The deglaciation of Marinoan snowball Earth (~635 Myr ago) has been associated with potentially extensive CH4 emissions in relation to transient marine euxinia. Here, the authors find that active methanogenesis occurred during the termination of Marinoan snowball Earth, fueled by methyl sulfide production in sulfidic seawater.

    • Zhouqiao Zhao
    • , Bing Shen
    •  & Haoran Ma
  • Article
    | Open Access

    Sex chromosome gene content and expression is unusual. Here the authors use single cell RNA-Seq on Drosophila larvae to demonstrate that the single X and pair of 4th chromosomes are specifically inactivated in primary spermatocytes, while genes on the single Y chromosome become maximally active in primary spermatocytes.

    • Sharvani Mahadevaraju
    • , Justin M. Fear
    •  & Brian Oliver
  • Article
    | Open Access

    Autocatalytic networks may have started evolution during the origin of life. Here, the authors establish a landscape of thousands of RNA networks by barcoded sequencing and microfluidics, and derive relationships between topology and Darwinian properties such as variation and differential reproduction.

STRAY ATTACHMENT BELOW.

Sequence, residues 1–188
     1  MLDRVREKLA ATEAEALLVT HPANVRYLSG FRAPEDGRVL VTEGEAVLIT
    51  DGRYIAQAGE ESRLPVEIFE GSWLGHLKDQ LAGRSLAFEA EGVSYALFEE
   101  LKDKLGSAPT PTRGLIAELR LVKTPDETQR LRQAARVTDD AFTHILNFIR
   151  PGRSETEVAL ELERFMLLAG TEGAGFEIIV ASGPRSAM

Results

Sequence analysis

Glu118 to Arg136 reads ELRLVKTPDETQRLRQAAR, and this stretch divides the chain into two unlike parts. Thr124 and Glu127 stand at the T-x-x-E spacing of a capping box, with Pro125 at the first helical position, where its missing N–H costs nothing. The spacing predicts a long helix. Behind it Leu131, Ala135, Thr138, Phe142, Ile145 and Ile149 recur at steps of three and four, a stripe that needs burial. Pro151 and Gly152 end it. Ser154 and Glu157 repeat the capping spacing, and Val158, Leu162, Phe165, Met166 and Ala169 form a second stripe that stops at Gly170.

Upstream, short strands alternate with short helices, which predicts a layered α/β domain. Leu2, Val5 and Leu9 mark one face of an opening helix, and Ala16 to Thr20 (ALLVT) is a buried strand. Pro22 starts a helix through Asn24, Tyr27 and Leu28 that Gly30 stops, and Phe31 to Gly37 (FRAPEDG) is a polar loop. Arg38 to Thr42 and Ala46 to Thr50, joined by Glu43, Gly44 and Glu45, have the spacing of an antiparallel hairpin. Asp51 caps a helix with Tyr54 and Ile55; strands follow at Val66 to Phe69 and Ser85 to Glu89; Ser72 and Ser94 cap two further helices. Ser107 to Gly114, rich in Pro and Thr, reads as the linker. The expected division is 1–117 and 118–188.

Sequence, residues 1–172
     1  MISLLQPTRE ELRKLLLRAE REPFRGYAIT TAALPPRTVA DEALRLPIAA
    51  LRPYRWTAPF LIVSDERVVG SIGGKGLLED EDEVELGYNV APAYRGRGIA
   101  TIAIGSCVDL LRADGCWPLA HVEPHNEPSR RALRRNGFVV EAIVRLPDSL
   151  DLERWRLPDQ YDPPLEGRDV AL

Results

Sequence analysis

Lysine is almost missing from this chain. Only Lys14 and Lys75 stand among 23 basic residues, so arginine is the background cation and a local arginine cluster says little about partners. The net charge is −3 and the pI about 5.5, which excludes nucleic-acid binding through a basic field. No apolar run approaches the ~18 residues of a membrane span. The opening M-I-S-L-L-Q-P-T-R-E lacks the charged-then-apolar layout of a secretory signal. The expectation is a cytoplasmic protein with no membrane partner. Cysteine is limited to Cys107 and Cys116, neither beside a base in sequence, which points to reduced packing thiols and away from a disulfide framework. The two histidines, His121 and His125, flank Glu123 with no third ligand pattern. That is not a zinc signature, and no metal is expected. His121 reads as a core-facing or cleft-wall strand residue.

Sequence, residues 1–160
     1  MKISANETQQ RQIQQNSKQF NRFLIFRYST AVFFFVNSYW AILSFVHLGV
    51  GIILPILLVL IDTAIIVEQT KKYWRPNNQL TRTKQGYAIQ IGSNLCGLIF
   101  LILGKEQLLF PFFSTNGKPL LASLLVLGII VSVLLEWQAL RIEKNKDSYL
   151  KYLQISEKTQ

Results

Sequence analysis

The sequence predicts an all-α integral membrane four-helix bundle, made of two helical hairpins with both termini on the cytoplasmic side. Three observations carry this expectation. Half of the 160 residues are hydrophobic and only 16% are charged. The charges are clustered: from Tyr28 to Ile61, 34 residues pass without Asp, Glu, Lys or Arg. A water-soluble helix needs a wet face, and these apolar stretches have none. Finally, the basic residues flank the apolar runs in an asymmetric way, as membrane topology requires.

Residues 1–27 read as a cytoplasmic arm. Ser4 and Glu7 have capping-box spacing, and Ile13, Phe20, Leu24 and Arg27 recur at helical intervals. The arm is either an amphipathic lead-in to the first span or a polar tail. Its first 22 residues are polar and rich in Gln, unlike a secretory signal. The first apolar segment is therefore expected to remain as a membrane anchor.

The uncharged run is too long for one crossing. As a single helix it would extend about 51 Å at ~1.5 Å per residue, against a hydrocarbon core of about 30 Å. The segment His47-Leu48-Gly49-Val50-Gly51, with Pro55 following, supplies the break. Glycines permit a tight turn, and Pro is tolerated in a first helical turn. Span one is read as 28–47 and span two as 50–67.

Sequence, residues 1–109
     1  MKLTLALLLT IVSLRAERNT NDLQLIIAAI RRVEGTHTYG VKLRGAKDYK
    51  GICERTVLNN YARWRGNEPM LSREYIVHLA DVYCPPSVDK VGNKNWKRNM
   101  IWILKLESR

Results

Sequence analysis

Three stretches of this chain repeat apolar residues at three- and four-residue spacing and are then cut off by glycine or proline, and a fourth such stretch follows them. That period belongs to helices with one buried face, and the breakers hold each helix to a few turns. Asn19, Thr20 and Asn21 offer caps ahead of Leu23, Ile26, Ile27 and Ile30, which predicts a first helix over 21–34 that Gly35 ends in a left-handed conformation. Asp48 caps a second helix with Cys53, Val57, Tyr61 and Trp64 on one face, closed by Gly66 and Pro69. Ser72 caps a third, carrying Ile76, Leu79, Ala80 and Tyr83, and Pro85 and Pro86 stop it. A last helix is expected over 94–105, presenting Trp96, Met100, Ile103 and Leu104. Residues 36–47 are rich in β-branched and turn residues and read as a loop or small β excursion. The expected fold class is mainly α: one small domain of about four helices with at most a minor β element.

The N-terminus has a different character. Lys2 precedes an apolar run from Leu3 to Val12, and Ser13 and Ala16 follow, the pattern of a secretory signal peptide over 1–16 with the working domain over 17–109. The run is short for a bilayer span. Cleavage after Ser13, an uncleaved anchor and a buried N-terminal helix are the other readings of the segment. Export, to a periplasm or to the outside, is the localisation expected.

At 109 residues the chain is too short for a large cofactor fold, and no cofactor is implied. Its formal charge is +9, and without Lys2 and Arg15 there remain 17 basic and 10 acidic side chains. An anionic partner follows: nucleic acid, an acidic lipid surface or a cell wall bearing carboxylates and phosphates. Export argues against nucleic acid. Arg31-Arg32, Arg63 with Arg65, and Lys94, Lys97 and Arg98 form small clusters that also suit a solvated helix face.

• Sandeep Ameta
    • , Simon Arsène
    •  & Philippe Nghe
  • Article
    | Open Access

    Mycelial fusion can favour fungal strains that exploit each other, but the mechanism is not well understood. Here, Grum-Grzhimaylo et al. show that different cheater lineages share similar deficiencies in initiating fusion that nevertheless enable them to preferentially obtain the benefits of fusion initiated by wild-type mycelia.

    • Alexey A. Grum-Grzhimaylo
    • , Eric Bastiaans
    •  & Duur K. Aanen
  • Article
    | Open Access

    It is unclear how gut-dwelling E. coli bacteria often emerge to cause systemic infection in chickens. Here, Mageiros et al. use population genomics and pangenome-wide association studies to identify genetic elements associated with pathogenicity in avian E. coli.

    • Leonardos Mageiros
    • , Guillaume Méric
    •  & Samuel K. Sheppard
  • Article
    | Open Access

    Climate change may pose a challenge not only for survival of animals but also for their reproduction. Here, Schou et al. analyse how male and female ostrich fertility relates to fluctuating temperature across 20 years, finding reduced fertility away from the thermal optimum, but also individual variation in thermal tolerance.

    • Mads F. Schou
    • , Maud Bonato
    •  & Charlie K. Cornwallis